On not pulling my weight

Sometimes I really feel that I don’t have the energy to mobilize against the next stupid/dangerous/horrifying/hair-brained scheme proposed by some evil/half-witted/misguided (take your pick) parliament. So I relax and let others write and argue for causes that I also should be arguing. It’s complacency legitimized with sentiments such as “I have a lot to do right now” or “I don’t have time to understand this new threat” etc.

This has been the way in which it was with the new Swedish proposal on digital surveillance. Yes, yes I know that this is not going to be a good thing. Yes, yes I know that the politicians are either intentionally lying to the people or are too stupid to understand what they are actually doing (I often wonder which is worse?) – but look I really don’t have the time or energy right now. Lots of work, lots of personal shit, lots of everything. So I lean back and let others write. The more I read the more I realize that my words are unnecessary.

Then today I read Oscar Swartz blog on the topic (his blog is excellent – unfortunately, or naturally, in Swedish) and I realized something. It’s not a matter of whether or not my voice is needed. Of course it isn’t needed. Not mine, personally. But by leaning back and letting others do the work I am making others work a little bit harder. It’s like being on a tug-of-war team that may still win even if one team member isn’t pulling his/her weight. Damn! I knew I should have been active earlier. Guilt bores its way under my skin, my orginal annoyance at the suggestion has been fermenting for much too long.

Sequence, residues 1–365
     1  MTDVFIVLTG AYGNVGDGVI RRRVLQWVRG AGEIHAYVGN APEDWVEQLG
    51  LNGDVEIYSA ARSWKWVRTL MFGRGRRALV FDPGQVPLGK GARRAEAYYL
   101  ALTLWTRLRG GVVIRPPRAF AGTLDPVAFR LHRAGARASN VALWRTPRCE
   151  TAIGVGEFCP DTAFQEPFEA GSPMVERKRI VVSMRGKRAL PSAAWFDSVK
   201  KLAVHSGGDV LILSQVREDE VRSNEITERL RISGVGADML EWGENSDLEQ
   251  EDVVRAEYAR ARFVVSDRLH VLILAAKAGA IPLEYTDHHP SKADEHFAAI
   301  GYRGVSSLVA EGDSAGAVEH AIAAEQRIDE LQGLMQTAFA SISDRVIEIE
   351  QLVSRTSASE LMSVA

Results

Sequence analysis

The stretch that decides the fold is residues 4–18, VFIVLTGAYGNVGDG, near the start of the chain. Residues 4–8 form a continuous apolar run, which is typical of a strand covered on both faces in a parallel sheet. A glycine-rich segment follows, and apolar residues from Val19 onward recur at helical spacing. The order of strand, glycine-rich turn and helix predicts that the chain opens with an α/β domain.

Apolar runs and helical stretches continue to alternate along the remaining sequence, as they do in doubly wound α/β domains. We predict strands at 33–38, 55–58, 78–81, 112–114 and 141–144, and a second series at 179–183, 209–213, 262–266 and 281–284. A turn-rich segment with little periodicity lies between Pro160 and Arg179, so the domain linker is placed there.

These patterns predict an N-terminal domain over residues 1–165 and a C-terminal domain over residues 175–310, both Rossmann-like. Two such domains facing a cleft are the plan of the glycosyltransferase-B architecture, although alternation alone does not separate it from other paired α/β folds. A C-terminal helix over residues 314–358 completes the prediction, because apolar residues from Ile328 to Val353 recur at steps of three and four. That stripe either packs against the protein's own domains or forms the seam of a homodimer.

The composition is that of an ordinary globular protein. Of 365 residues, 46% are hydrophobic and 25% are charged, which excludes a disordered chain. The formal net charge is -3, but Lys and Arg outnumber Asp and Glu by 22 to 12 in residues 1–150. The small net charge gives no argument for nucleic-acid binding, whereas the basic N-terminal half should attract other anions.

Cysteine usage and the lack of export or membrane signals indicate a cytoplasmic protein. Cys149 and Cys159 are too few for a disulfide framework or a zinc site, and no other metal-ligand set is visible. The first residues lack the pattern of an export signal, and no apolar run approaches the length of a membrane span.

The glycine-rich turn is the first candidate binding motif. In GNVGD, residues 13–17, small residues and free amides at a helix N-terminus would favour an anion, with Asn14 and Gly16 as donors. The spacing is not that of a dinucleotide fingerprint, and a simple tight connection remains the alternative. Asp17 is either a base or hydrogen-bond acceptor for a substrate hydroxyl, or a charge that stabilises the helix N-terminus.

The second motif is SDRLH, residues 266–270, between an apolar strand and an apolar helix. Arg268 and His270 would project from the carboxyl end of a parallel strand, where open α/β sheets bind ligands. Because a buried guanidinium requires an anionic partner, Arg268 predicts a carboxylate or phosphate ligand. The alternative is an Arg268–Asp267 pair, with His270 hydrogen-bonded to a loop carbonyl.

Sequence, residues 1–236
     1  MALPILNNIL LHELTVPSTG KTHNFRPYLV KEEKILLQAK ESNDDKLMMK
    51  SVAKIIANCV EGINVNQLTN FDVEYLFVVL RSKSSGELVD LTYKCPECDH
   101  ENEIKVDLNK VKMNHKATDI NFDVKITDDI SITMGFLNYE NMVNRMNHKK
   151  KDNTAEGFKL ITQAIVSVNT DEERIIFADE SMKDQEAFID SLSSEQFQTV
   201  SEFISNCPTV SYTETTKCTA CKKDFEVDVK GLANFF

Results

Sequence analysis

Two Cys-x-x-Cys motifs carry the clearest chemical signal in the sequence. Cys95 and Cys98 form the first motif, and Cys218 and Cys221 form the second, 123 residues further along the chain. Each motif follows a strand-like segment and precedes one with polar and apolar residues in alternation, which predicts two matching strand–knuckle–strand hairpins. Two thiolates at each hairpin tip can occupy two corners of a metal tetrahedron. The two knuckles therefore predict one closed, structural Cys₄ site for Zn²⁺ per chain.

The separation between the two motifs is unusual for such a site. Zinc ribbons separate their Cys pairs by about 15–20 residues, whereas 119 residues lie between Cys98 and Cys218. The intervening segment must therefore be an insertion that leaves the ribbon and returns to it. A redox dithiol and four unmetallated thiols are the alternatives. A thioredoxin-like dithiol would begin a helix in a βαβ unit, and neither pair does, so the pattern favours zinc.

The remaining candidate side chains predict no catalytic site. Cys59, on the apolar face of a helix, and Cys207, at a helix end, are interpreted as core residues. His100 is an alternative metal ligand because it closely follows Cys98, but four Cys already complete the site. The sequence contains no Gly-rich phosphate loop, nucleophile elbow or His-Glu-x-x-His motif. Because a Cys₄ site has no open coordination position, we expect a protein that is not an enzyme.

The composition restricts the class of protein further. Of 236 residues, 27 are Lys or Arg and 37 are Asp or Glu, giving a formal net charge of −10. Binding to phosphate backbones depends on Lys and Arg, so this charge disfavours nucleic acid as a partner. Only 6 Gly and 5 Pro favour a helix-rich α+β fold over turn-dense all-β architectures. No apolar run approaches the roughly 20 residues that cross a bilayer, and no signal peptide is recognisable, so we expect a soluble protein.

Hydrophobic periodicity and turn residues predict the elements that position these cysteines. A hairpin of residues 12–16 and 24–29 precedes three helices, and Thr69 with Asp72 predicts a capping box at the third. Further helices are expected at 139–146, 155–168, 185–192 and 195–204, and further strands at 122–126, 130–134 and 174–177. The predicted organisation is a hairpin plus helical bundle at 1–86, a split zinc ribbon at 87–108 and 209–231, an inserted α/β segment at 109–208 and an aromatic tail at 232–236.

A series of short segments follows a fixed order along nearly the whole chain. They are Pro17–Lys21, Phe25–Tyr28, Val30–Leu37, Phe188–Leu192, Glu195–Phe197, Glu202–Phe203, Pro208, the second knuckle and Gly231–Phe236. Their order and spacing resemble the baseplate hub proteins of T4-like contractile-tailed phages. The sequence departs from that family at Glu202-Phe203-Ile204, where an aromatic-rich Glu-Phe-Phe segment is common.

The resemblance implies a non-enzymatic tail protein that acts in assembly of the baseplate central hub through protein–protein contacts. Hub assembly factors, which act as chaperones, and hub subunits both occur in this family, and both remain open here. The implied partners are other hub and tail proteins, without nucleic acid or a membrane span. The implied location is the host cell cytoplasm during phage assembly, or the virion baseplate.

So here it is.

The proposed FRA law in brief is that the National Defence Radio Establishment (Försvarets radioanstalt – FRA) shall be given the power to listen to all cable based communication (yes that means everything on the Internet) which crosses Sweden’s borders. The idea is that only international communication (i.e. communication exiting Sweden) will be monitored. Basically since even most national Internet communication passes over international borders the focus on international communication is only a way of pacifying the general population.

Basically the idea is to force all Internet and Telecom providers to copy all communications to state surveillance systems. This means telephones, email, chat, websites, comments on blogs – the works.

Naturally in the age of doublespeak the proposed mass violation of integrity is legitimized by the need to protect the democratic country. People will lose their rights and be viewed as criminals as a default. This will not protect the country. It may help catch people after they have done something but it will not (it cannot) prevent actions.

To make matters worse – oh yes it can be worse – the surveillance is not being carried out by the police. Why is this important?

Well the police have to follow due process. This means in practice that when the police want to bug someone they need to have probable cause to suspect a crime. This new system will make this unnecessary. Everyone will be under surveillance and the state may now order special surveillance on individuals or groups who are not suspected of crimes but who hold political views which are “wrong” – oops now we lost freedom of thought.

Sweden has a long tradition of presenting itself as a bastion of democracy. But this is old stuff. The last decade has seen Sweden shed these ideas and attempt to rush to the forefront of lowlife nations who feel the need to enact a surveillance regime which would have made big brother green with envy.

So what can be done? What did Oscar do to get me going? He just reminded me that the most important feature in a society is the ability of its members to remain active against opposition. To talk, to write and to maintain a voice of dissent – especially when the odds are stacked against us.

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